Special Needs Planning – What you should know

Posted on May 10, 2017 in From Our Team- Blog

The author of this article, Frank S. Hennessey is a long-time member of the Board of Directors of PLAN of PA and the Co-Founder of Premier Planning Group.
What Do You Need to Know About Special Needs Planning?

Special Needs Planning is a support to families who have family members with special needs. There are multiple laws, requirements, and regulations which must be understood and reviewed in reference to the specific concerns of each individual within the context of his/her unique family dynamics.

Proper planning is intended to assure that the person is provided for once his parents/caregivers become disabled or die. This service is not only beneficial for a minor or an adult child, but also for dependent parents or other relatives. The abilities and challenges of the individual in need determine the required level (and cost) of care. Each situation is unique and must be planned for on an individual basis.

Even when other members of the family are willing to assume caregiver duties, it is still important to provide for asset management. Either a testamentary or living trust can serve this need. Such a trust, sometimes called a “supplemental needs trust,” should: (1) appoint a steward of the person’s property and money; (2) select a guardian; (3) set out instructions on how the person should be cared for; (4) ensure, to the extent possible, that the person will not lose payments or benefits from government agencies; (5)integrate the rust with the remainder of the parent’s estate plan (e.g., achieve equity among family members).

Often family dynamics are a significant consideration. Survivorship life insurance on both parents frequently provides a cost-efficient means of funding a trust upon the deaths of both parents. Individual insurance on the primary caregiver may be more appropriate when one parent provides most of the care. Disability income insurance on a working parent should also be considered.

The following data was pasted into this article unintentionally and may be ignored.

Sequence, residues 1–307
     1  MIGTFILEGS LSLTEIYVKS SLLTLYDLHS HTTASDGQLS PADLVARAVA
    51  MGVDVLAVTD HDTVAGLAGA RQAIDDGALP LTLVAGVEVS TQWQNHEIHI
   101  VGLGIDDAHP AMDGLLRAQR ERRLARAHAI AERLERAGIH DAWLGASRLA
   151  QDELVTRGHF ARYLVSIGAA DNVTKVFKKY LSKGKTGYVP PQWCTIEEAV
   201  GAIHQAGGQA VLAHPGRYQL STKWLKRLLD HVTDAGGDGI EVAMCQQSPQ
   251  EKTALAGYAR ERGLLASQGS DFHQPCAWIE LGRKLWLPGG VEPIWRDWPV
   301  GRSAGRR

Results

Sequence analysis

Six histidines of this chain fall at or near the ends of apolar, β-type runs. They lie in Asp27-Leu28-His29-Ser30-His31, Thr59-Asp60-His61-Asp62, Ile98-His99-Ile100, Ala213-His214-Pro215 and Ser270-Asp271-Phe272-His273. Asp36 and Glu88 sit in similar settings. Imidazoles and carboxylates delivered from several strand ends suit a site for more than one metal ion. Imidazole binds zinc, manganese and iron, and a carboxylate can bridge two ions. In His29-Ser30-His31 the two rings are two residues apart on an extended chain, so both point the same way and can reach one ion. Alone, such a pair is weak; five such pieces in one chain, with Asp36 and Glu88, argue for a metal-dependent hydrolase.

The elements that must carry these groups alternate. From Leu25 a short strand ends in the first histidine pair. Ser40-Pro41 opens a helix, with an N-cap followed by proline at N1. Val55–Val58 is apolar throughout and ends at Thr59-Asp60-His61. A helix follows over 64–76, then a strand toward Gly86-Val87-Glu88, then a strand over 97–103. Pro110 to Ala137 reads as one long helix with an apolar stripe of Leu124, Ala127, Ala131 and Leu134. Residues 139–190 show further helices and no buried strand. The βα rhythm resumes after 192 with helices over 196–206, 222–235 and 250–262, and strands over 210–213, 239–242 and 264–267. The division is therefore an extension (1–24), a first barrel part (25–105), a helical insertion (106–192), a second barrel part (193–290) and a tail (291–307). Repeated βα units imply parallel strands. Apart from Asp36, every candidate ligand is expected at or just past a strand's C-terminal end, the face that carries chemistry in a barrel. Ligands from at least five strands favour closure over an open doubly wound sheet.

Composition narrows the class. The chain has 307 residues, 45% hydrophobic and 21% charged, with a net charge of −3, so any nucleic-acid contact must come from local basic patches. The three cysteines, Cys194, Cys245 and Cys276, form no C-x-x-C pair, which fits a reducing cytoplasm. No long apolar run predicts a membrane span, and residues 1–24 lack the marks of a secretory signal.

During the course of his/her lifetime, a disabled person may be eligible for Social Security Disability Income (SSD), Supplemental Security Income (SSI), Medicare, and Medicaid. A Special Needs Trust is intended to supplement, not replace, these government programs.

Eligibility for government assistance can be negatively affected by the disabled child’s assets (e.g., a single disabled person with SSI benefits cannot own more than $2K in cash and liquid assets). Even when a trust consists of third party assets, the discretionary powers of the trustee must be carefully limited. Without tight fiduciary control, assets may be viewed as “available” to the person even within a Special Needs Trust. However, the federal Medicaid statute ensures that a trust established with the assets of a third party, such as a parent, is not considered “available” to the trust beneficiary.

Special Needs Planning may also affect other estate planning techniques. For example, ‘Crummey Withdrawal Power’ allows a person to receive a gift that would other wise be ineligible for gift-tax exclusion, and change it into one that is eligible. However, under federal law, a Medicaid recipient cannot refuse a gift. These two regulations generally mean that a disabled child should not be given Crummey Withdrawal Powers, since his failure to make a withdrawal could jeopardize his Medicaid eligibility.

These concerns are only some of the dynamics and considerations discussed and weighed between a family and their Special Needs Planner.  The Family—Planner relationship should be based in your own ability to talk to your planner and your confidence that she or he understands: (1) the unique realities in the person with special needs’ life; (2) within the context of your family dynamics; (3) as well as the knowledge this person possesses about regulations, requirements and laws surrounding Special Needs Planning.